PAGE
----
The story of Flexlume is written in the signs of America.
The mesmerizing theater marquee, the stalwart and trusted bank, the refinement of the shoe store, and the glee of that special trip to the candy shop. Flexlume’s history has spanned so many changes through cultural shifts, two world wars, and technological breakthroughs, which continue at breakneck speed. And yet the fundamentals endure - craftsmanship, quality, functionality, and service. These are the very foundation of Flexlume, an innovator and American icon maker that guides, persists, and outlasts.
In 1904, Roy R. Wiley along with his brother, Wallace, and W.S. Hough joined forces to produce white opal glass molded letters to push through a sign face and illuminate from the rear. This was a process that would create flexible-illumination. The name Flexlume was born. Roy Wiley built the business on the model of quality and craftsmanship. Wiley fought against the policies of his competition which he referred to as “business at any price.” His values of quality and craftsmanship first are still deeply held at Flexlume.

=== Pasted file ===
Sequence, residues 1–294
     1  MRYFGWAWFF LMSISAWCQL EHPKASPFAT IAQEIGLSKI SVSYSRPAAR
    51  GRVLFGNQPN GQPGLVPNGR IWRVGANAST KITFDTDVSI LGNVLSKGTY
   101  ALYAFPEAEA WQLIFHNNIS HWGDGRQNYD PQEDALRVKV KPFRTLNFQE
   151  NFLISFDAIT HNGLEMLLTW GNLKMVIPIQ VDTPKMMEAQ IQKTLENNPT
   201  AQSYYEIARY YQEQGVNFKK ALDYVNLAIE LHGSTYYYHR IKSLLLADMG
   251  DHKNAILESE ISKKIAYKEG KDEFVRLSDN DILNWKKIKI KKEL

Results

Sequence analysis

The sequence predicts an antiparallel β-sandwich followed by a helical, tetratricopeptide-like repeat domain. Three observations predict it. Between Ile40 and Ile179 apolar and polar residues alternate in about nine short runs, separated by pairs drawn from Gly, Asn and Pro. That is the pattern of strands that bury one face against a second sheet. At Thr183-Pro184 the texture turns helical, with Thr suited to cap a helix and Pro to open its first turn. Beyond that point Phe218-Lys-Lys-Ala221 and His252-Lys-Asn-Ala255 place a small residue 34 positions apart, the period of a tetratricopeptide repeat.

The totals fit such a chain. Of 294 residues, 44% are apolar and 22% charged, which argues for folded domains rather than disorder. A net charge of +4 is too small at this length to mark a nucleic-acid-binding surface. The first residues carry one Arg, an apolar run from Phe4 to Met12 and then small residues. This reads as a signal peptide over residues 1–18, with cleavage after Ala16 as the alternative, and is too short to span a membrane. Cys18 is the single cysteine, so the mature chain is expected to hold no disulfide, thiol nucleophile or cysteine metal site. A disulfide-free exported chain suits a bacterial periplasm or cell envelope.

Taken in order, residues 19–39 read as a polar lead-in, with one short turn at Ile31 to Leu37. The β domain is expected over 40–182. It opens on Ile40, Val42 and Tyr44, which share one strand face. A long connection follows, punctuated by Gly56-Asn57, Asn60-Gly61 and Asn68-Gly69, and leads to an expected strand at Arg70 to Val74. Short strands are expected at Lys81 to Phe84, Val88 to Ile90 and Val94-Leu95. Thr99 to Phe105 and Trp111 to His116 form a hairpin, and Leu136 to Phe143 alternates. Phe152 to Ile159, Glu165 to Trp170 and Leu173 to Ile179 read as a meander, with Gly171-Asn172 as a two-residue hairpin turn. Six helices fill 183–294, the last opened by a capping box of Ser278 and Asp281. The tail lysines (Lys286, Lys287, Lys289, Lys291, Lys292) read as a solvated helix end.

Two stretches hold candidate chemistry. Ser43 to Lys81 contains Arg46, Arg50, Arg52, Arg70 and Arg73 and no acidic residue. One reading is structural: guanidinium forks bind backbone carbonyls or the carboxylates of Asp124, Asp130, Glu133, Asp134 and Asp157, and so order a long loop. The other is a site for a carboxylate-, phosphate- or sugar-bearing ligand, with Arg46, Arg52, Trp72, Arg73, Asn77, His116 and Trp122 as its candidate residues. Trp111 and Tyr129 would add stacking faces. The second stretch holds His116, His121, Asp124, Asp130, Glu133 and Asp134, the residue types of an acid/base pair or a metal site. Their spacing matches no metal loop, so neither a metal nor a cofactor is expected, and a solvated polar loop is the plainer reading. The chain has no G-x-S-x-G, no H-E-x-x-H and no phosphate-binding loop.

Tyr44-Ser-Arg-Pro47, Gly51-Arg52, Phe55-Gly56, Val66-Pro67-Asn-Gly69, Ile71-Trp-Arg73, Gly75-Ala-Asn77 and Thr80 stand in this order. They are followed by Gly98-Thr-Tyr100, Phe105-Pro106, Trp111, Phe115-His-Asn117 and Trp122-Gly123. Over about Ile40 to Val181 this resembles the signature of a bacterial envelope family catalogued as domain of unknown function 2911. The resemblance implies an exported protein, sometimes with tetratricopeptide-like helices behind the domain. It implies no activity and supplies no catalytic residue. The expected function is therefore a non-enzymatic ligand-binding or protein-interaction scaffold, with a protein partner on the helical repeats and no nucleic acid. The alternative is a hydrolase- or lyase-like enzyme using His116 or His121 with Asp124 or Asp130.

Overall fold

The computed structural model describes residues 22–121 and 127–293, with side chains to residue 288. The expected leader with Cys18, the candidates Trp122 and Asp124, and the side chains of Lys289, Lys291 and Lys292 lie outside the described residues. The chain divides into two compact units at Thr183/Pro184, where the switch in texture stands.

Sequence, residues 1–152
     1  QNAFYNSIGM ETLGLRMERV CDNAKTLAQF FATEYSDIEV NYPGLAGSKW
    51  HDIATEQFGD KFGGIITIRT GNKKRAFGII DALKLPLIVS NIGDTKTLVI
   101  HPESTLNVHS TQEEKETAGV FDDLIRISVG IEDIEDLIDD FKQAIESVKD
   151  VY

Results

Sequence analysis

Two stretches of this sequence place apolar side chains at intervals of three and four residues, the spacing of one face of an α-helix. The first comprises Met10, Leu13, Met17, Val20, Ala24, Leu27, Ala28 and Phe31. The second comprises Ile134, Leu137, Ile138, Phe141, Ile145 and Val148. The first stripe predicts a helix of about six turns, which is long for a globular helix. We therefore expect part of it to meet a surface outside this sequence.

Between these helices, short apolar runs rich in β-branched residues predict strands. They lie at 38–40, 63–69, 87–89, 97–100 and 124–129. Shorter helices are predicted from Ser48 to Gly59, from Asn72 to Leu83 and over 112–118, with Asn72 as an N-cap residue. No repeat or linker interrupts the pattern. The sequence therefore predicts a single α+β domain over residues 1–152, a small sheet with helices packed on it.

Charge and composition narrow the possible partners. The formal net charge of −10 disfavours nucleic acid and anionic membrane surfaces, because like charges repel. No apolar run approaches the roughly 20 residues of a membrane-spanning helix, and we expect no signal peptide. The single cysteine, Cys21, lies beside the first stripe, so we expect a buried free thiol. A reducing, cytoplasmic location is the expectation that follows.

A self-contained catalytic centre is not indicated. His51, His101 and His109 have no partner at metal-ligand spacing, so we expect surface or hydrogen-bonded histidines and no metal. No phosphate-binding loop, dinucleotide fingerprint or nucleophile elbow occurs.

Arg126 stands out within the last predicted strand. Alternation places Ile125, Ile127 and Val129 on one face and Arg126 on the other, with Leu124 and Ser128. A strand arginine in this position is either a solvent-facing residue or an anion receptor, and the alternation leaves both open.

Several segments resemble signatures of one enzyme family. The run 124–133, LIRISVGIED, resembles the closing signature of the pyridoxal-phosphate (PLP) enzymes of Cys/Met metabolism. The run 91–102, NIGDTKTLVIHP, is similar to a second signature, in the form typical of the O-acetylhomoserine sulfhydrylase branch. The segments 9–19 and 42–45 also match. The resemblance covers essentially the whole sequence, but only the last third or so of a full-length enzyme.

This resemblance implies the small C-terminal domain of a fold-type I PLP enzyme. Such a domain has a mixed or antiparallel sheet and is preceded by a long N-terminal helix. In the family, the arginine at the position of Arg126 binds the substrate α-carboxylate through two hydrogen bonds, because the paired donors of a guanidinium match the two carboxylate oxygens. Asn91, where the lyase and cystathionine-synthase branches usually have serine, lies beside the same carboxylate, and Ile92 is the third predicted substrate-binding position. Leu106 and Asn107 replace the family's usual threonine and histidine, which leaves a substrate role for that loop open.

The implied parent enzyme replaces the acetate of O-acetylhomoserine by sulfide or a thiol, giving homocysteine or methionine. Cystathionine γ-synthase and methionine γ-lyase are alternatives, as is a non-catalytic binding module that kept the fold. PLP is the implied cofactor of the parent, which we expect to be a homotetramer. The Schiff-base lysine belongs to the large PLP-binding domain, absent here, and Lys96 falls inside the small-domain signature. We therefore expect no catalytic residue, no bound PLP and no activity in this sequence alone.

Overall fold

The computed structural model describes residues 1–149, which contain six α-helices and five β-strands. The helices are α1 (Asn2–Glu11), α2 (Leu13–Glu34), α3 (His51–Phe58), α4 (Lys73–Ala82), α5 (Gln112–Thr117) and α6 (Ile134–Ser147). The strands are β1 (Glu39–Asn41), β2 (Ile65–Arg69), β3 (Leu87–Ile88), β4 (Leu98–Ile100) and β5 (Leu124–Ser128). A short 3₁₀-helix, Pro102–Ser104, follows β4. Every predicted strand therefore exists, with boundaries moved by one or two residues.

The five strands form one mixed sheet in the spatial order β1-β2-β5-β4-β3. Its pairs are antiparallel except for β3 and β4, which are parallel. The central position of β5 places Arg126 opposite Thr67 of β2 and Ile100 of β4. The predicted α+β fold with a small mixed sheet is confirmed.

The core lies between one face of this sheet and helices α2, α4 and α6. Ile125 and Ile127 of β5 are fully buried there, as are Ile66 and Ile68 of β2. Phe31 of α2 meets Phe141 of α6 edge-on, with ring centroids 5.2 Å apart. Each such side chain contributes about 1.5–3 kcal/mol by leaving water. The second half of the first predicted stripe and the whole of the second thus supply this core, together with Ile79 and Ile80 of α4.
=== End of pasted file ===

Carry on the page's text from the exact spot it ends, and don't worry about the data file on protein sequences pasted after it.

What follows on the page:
In 1911, after years of experimenting and perfecting their craft, the company moved to Buffalo, New York from Canada. Flexlume constructed and moved into a 125,000 square foot plant in 1924. At the time, this was the world’s largest plant dedicated solely to the manufacturing of electric signs.
With a solid customer base of financial institutions, automotive dealers, and movie theaters the company grew to as many as 500 employees, even through the depression. Many of Western New York’s classic marquees were built by Flexlume and can still be seen in use today. During World War II, all available steel resources were diverted to the war effort and Flexlume was forced to briefly close its doors. It was at this time that F.A. (Al) Rowell purchased the company. In 1946 the company moved to its current location, 1464 Main Street, where Flexlume has been producing the world's greatest signs since.